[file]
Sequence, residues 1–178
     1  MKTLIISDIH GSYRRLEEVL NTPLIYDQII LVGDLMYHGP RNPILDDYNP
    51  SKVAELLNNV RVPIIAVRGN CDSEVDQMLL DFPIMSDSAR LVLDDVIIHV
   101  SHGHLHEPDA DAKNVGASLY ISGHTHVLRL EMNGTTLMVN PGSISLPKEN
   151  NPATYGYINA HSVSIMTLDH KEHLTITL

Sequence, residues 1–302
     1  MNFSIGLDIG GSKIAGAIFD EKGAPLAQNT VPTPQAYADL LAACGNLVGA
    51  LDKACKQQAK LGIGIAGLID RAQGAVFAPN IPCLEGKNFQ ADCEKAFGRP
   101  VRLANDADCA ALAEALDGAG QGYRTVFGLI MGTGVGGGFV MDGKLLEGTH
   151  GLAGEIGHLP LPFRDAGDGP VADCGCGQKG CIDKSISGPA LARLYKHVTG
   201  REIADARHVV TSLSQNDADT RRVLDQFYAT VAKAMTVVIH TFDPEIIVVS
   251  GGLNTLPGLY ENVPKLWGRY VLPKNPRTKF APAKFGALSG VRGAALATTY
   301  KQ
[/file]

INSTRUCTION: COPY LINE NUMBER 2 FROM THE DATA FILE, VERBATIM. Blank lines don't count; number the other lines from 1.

     1  MKTLIISDIH GSYRRLEEVL NTPLIYDQII LVGDLMYHGP RNPILDDYNP